FOG CLOG — A seasonal reminder – keep fats, oil and grease out of your pipes and sewers

By on November 24, 2017

Starting with Thanksgiving and running through New Year’s Day is the prime season for FOG (fats, oil and grease) CLOGS. Candied yams, gravy laden with drippings from the roasting turkey, holiday desserts with copious amounts of butter and sugar and drawn butter served along with the lobster you serve on New Year’s Eve can all lead to a holiday headache when your drain backs up. An expensive visit from the local plumber quickly diagnoses the problem – FOG CLOG, otherwise known as the bane of holiday cooking.

The bad news is that fats, oils and grease can easily clog your pipes and may cause a sewage backup into your home or, worse yet, a sewer spill in the street that goes down the storm drain and leads to problems in the neighborhood or further down line. The good news is that FOG can be prevented by observing a few preventive practices:

  • Do not pour fats, oils and grease down the drain. Dispose of them properly –
    • Wipe down greasy pots and pans with a dry paper towel and dispose of it in your trash (don’t put greasy or food-laden items in your recycling bin.)
    • Do not pour FOG down the garbage disposal or sink drain.
    • Do not use hot water to wash the grease down the drain.
    • Pour cooled oil, fats and grease into a can or other container with a tight lid (coffee can, glass jar or plastic container) and dispose of it in the garbage.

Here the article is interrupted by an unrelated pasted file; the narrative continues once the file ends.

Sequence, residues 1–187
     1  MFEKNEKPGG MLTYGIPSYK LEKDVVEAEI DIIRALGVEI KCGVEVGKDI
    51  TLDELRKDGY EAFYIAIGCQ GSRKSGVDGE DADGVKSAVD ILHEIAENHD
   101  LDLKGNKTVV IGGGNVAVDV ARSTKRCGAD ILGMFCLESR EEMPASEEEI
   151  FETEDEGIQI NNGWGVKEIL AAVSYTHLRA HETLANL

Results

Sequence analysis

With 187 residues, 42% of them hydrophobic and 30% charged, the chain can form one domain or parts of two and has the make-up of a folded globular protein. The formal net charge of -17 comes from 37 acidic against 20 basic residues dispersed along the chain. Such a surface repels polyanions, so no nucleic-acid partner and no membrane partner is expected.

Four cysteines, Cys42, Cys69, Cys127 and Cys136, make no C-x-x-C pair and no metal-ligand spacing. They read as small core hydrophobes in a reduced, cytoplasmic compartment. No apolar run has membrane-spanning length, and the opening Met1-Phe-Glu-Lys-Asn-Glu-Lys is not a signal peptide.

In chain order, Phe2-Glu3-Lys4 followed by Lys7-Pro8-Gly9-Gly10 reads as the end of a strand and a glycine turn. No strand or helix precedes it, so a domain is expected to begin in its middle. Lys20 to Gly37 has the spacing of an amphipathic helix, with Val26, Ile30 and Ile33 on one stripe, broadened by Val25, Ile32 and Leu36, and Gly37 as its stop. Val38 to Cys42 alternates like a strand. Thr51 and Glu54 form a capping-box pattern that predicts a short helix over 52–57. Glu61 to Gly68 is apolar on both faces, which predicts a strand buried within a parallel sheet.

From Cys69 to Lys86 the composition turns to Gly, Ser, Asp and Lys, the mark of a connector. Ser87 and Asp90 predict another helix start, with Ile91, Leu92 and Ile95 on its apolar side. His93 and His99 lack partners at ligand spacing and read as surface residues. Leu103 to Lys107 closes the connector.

• Use baskets or strainers in sink drains to catch food scraps and other solids – and dispose of them in the trash.
    • If your local recycling center accepts it, drop off large amounts of FOG there, especially if you use a turkey fryer this holiday season and have a large amount of oil leftover.
    • Check to see if your city’s green waste program allows disposal of food scraps – include FOG. It can be recycled into rich compost if your waste program provides such a service.
  • More long-term suggestions to prevent FOG CLOG include:
    • Put a backflow device on your sewer cleanout if you are at risk of a sewer backflow.
    • When planting trees, don’t plant them over your sewer lateral. (A plumber can help identify where the sewer lateral is.)
    • Have a plan to maintain your sewer system annually.

The majority of FOG-related sewer backups and spills originate in residential areas but with a little FOG knowledge and adherence to proper disposal, FOG CLOG can be prevented. The U.S. Environmental Protection Agency notes that 65 percent of all sewer spills are FOG-related.

Enjoy the holiday season with your family and friends and help plumbers enjoy the holidays with their loved ones too by preventing FOG!